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The only way to reduce the prison population is to recognise that prison is a dead end

Penelope Gibbs
15 Sep 2017

The clarion call to reduce the numbers in prison is being heard. Yesterday the Centre for Social Justice suggested that most tariff-expired IPP prisoners should be released, and fewer prisoners recalled for minor breaches of their licence conditions. The Lord Chief Justice in his last annual report said the “continuing rise in the number of longer term prisoners is an increasing concern” and the Lord Chancellor wrote “I want to see prison numbers come down. We need better custody that cuts reoffending and crime. And we need to ensure judges, magistrates and the public have full confidence in the other penalties available”.

The challenge the government has is that what happens in custody makes little difference to prison numbers. Better regimes and opportunities for work help prisoners, but will hardly effect the numbers coming in even in the medium term. Getting IPPs out of prison is worth doing, but the Ministry of Justice predicts that numbers will rise even if this is factored into their model. Because, ultimately, the most effective way of reducing the prison population is to change sentencing, and to do that the government would be wise to change the way it talks about it.

The Scottish government resolved to reduce the prison population a few years back and have succeeded. They have made bold moves such as implementing a legal presumption against short prison sentences and investing in local, public sector probation. But they have also adopted a different tone. The Scottish government does not talk of punishment as a deterrent, and does talk about prison as a last resort. Kenny MacAskill, the former justice minister who started this journey, wrote an amazing piece in the Scotsman the other day

“Prisons shouldn’t be short term respite for troubled individuals or an expensive punishment for those who aren’t a threat. It takes weeks to assess the requirements of those who have complex needs. When someone is serving a short sentence, the prison service has no sooner worked out their needs than they’re preparing them for release. Their needs are better dealt with in the community”.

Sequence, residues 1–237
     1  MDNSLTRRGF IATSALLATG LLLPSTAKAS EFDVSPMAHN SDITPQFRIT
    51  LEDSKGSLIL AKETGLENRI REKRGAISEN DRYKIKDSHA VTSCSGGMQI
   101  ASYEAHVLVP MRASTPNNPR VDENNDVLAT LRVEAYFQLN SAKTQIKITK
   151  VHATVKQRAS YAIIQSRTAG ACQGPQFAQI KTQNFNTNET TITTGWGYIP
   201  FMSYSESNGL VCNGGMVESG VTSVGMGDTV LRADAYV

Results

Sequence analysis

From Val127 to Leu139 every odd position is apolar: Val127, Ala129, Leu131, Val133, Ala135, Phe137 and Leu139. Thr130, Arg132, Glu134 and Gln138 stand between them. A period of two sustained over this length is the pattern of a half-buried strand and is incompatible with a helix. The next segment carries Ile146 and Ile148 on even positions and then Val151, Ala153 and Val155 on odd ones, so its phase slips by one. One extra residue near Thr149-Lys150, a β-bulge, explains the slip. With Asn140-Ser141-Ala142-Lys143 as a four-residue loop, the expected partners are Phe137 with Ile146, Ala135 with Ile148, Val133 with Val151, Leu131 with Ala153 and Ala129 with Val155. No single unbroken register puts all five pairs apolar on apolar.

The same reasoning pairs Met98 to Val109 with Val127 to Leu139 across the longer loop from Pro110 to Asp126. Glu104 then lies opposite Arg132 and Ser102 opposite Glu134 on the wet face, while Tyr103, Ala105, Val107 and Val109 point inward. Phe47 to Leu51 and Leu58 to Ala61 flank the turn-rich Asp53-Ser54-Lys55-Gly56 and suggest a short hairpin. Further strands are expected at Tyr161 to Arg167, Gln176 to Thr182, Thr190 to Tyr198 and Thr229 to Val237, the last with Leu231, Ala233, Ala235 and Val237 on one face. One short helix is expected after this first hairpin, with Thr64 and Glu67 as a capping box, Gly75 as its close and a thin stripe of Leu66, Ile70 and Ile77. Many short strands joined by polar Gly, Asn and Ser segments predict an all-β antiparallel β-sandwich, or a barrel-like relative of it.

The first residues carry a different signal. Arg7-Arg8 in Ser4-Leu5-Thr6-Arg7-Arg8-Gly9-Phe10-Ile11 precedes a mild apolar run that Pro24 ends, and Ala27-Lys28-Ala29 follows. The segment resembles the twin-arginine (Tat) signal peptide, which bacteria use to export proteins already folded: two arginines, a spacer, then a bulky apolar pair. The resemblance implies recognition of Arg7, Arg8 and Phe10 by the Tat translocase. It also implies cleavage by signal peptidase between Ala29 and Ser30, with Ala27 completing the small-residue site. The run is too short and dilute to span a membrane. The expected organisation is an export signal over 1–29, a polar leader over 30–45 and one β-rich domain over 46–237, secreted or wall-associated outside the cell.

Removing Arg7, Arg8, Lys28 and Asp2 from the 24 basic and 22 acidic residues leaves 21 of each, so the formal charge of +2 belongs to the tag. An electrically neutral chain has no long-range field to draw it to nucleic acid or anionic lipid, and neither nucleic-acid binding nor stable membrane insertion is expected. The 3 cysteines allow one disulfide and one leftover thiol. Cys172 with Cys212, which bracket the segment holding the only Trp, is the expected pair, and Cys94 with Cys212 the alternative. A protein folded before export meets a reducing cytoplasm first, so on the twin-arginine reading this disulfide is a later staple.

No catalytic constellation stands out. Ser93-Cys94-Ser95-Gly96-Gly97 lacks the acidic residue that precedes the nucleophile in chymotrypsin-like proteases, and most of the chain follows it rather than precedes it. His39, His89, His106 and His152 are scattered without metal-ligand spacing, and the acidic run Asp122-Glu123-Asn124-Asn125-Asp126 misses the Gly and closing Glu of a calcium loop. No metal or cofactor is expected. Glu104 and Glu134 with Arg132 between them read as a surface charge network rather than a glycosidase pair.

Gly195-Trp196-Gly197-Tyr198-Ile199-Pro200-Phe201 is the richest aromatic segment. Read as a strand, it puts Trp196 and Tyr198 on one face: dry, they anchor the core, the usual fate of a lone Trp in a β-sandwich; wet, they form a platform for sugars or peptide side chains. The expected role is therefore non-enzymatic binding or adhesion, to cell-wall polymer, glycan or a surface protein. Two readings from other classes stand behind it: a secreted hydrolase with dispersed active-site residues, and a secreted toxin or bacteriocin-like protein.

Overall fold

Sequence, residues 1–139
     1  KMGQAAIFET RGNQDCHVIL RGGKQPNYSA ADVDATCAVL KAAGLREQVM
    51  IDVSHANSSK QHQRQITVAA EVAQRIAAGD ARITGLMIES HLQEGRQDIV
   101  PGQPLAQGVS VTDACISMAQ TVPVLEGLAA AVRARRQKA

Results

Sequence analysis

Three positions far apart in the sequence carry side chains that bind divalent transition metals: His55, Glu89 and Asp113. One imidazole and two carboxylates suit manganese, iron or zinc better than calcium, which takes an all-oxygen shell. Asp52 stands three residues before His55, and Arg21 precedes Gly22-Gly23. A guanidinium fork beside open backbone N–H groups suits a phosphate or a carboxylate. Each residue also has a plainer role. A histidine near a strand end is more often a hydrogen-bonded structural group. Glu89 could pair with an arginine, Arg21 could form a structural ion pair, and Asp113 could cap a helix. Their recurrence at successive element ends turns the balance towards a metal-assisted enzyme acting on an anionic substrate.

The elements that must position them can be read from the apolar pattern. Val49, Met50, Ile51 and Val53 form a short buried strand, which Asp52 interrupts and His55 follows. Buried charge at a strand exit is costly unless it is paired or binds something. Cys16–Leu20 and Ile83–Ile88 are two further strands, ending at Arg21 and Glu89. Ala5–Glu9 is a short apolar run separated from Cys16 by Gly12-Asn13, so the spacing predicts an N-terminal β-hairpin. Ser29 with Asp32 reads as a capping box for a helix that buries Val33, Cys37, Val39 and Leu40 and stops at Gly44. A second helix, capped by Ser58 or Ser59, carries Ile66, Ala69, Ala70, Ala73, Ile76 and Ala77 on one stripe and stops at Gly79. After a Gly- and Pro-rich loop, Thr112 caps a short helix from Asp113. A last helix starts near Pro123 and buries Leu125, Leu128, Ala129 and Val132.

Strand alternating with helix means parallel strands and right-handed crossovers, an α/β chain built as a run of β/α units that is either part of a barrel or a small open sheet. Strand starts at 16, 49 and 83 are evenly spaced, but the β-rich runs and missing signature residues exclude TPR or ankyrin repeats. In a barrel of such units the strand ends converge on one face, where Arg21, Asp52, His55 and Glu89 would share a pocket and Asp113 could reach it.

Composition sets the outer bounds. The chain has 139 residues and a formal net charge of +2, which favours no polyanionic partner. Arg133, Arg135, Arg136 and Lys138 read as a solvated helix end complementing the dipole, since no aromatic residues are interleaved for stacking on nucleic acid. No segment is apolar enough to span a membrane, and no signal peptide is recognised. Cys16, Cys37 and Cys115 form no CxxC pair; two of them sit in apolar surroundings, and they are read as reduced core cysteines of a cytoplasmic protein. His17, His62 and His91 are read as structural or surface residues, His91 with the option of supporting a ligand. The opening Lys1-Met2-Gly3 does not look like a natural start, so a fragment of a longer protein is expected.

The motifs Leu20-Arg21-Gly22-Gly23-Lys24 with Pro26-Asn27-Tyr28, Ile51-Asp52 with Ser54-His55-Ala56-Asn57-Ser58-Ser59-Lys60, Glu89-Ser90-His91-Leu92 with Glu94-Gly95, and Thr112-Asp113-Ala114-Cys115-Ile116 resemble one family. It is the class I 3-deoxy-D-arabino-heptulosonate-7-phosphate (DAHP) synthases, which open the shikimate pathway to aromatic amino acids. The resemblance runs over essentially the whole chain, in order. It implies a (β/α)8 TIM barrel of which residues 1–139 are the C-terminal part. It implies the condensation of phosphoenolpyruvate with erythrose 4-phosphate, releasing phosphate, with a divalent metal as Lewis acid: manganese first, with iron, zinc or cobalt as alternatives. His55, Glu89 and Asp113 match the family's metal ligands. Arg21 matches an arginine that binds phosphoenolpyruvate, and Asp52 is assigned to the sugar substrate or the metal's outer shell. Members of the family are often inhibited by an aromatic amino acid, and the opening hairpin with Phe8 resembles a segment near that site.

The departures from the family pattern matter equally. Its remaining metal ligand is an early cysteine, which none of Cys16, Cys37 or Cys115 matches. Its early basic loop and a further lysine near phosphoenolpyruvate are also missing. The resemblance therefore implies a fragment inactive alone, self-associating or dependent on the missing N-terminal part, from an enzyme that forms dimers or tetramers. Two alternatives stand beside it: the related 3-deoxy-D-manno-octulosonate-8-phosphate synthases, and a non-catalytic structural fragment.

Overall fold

Contrast this with comments this week by Dominic Raab, our minister with responsibility for sentencing, in relation to an increase in imprisonment for those caught carrying a knife:“We’re catching and prosecuting more of those who carry a knife or blade. Those convicted are more likely to go to prison, and for longer terms. Knives are a scourge of communities. Our message to those carrying a knife is that you should expect to end up in jail.”

Imprisonment is a strong punishment for those who carry knives, but there is no evidence it is a deterrent, and knife crime has gone up since sentences were made harsher. I met a humane, liberal judge the other day. She said that, faced with the choice between using a community sentence or a short prison sentence, she usually opted for the latter these days since the rhetoric about the effectiveness of probation was so negative. And next time that humane judge is deciding on a sentence for a first time offender caught with a knife, the words of ministerial encouragement to use imprisonment may be ringing in her ears. It is a truism, but language matters, and words can change behaviour, including that of judges.